.jpg photo of Coordinator at Kid's House
Kelly Macleod, Development and Outreach Coordinators at Gulf Coast Kid’s House

Behind the lines of a war on children.
Kimberly Blair, Kaycee Lagarde, Troy Moon, and Carlos Gieseken,

“We can’t turn back the clock. We can’t change what happened. But we can make sure that clock doesn’t strike again.”
Anne Patterson, assistant state attorney

Gulf Coast Kid’s House tries to provide one-stop services to children, families
By Troy Moon

Children who are abused might feel they’re alone, left to fight against unspeakable evils on their own.

But there is an army of caregivers, social workers, attorneys and therapists willing to battle on their behalf. From the law enforcement officers who often rescue children from dangerous situations to the attorneys who fight for justice, there is a coordinated effort between local and state agencies such as the Department of Children and Families to shield and protect children from further abuse and work to undo the harm of the abusers.

“We’re all supportive of each other and work in collaboration,” said Anne Patterson, assistant state attorney who leads a satellite legal team based at the Gulf Coast Kid’s House, one of 25 child advocacy centers in Florida, including the Santa Rosa Kids’ House. “And (abuse) is a big enough problem on the Gulf Coast that we’ve had to expand and enlarge services because we have had so many children who have been reported to be abused or neglected.”

There were more than 4,600 reports of abuse made through the Escambia County Abuse Hotline in 2014, according to the Department of Children and Families. There were 628 cases assigned to investigators with the Escambia County Sheriff’s Office Special Victims Unit.

As a child advocacy center, Gulf Coast Kid’s House combines all of the professionals and resources needed for the intervention, investigation and prosecution of child abuse cases in one facility. Child victims and their families also receive mental health counseling at the center. The stated goal of Gulf Coast Kid’s House is to form a collaborative response to child abuse cases to improve case outcomes and minimize trauma to the children and families.

Partnered with the Gulf Coast Kid’s House are units of the Child Protection Team, which conducts forensic interviews, medical evaluations and assessments; Lutheran Services Florida Mental Health Treatment, which conducts counseling for children and non-offending caregivers; and Gulf Coast Kid’s House Advocacy Services, which provides various services and programs for victims and families.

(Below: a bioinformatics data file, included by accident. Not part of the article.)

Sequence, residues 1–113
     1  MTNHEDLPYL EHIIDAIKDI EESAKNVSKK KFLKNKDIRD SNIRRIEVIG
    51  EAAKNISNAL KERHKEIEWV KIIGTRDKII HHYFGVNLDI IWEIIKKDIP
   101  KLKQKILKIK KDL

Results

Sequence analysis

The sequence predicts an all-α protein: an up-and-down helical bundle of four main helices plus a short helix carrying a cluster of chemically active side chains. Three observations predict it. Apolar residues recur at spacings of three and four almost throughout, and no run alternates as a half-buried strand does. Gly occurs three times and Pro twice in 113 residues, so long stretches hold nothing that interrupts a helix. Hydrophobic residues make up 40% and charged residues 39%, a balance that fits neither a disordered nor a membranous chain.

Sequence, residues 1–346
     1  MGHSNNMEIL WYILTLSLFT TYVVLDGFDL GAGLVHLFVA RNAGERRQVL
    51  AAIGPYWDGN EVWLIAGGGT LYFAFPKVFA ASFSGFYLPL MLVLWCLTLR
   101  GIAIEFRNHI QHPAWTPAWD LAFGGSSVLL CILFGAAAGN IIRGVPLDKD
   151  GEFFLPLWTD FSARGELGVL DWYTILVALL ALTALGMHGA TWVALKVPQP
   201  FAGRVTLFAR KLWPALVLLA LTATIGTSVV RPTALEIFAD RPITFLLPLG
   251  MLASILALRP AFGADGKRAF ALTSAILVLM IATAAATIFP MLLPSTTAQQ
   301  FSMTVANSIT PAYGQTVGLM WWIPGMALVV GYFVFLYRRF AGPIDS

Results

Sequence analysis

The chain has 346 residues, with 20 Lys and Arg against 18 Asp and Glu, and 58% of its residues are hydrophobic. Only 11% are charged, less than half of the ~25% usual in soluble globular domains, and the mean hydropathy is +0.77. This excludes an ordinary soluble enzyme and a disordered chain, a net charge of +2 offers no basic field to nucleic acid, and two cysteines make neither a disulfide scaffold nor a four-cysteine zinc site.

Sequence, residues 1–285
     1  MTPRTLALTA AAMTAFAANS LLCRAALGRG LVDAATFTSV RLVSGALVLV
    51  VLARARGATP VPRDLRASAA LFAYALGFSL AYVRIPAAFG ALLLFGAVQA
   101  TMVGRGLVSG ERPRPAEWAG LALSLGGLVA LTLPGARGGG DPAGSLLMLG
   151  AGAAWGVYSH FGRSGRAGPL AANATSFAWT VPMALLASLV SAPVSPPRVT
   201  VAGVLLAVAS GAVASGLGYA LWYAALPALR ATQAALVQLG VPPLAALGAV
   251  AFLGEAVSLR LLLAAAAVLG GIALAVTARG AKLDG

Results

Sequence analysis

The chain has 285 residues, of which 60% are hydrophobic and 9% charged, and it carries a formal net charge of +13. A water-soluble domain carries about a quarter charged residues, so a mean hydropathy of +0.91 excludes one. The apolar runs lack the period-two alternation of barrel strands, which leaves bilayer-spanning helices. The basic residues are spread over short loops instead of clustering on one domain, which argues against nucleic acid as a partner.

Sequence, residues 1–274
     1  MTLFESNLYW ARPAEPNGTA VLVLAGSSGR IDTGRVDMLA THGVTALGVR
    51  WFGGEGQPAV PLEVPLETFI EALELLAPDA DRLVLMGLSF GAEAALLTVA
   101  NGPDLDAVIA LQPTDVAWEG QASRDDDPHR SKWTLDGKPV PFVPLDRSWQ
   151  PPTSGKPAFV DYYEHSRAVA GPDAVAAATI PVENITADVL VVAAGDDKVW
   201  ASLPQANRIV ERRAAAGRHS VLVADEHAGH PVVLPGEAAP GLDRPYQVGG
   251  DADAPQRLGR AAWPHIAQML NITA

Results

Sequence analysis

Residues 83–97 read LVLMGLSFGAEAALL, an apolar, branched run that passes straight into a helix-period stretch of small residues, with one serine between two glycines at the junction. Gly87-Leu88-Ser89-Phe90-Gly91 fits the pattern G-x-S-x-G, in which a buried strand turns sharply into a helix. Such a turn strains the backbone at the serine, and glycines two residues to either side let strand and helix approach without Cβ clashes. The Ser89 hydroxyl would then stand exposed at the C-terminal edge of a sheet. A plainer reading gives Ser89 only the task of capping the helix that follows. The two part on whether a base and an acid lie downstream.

Gulf Coast Kid’s House includes a group therapy room, a play therapy room, a closet to provide clothes and other items, a family room, a forensic interview and observation room, a medical room and more.

Between November 2012 and November 2013, the State Attorney’s unit at Gulf Coast Kid’s House closed 158 child victim cases, with a successful prosecution of 98 percent. Patterson and her team also prosecute sexual predators who fail to register. She is a past president of the board of the Gulf Coast Kid’s House, as well as a board member emeritus.

“This building is populated by a lot of individuals who have discovered they have a propensity for the work, and they’re good at,” Patterson said. “We can’t turn back the clock. We can’t change what happened. But we can make sure that clock doesn’t strike again.”

What they see on a daily basis makes them even more determined to fight for the rights and safety of children.

“We respond to the most egregious allegations of abuse and neglect,” said Karena Karshbaum, a member of the Child Protection Team. “There might be physical injuries, we respond to sex abuse allegations and do evaluations at the Kid’s House, including collecting sexual battery kits.”

Team members said the evaluations are an important part of the process to determine a child’s safety. Of the cases seen at the Gulf Coast Kid’s House, 35 percent of abuse reported is physical abuse; 32 percent sexual abuse and 21 percent neglect. Other forms of neglect — including family violence and drug endangerment — account for 12 percent of abuse allegations. A child is abused by a family member or trusted family friend in 92 percent of cases, according to Gulf Coast Kid’s House statistics.

Ethnicity at Kids House
A breakdown of the Gulf Coast Kids House demographics by ethnicity.

  • White 48%
  • African-American 43%
  • Other 9%

“We’re on the front end with the Child Protection Team,” said Stephanie McBride, a case coordinator with the Child Protection Team. “We see them shortly after they’re abused or we receive reports of abuse.” McBride said case workers get photographs and set up medical evaluations, and also do forensic interviews. “We hope it provides a good picture of the family history and story and will let us discover the risks that are with the family and what we can expect if the child remains at home.”

In 2014, the Child Protection Team conducted 392 forensic interviews and 607 medical evaluations. Their findings confirmed abuse in 83 percent of the cases.

The interdisciplinary teams — judicial, advocacy, investigation, law enforcement — also work to combat child abuse with prevention outreach, including visits to schools and community groups. Paula Doty, Gulf Coast Kid’s House prevention coordinator, said the outreach programs educate children — and adults — on child abuse and gives the children tools to report it. She said that while parents often worry about children when they’re out in the community, or unguarded, most of the abuse occurs closer to home.

“Only 4 percent is stranger danger,” Doty said. “Over 90 percent (of abusers) are trusted by children and their families.”

PENSACOLA News Journal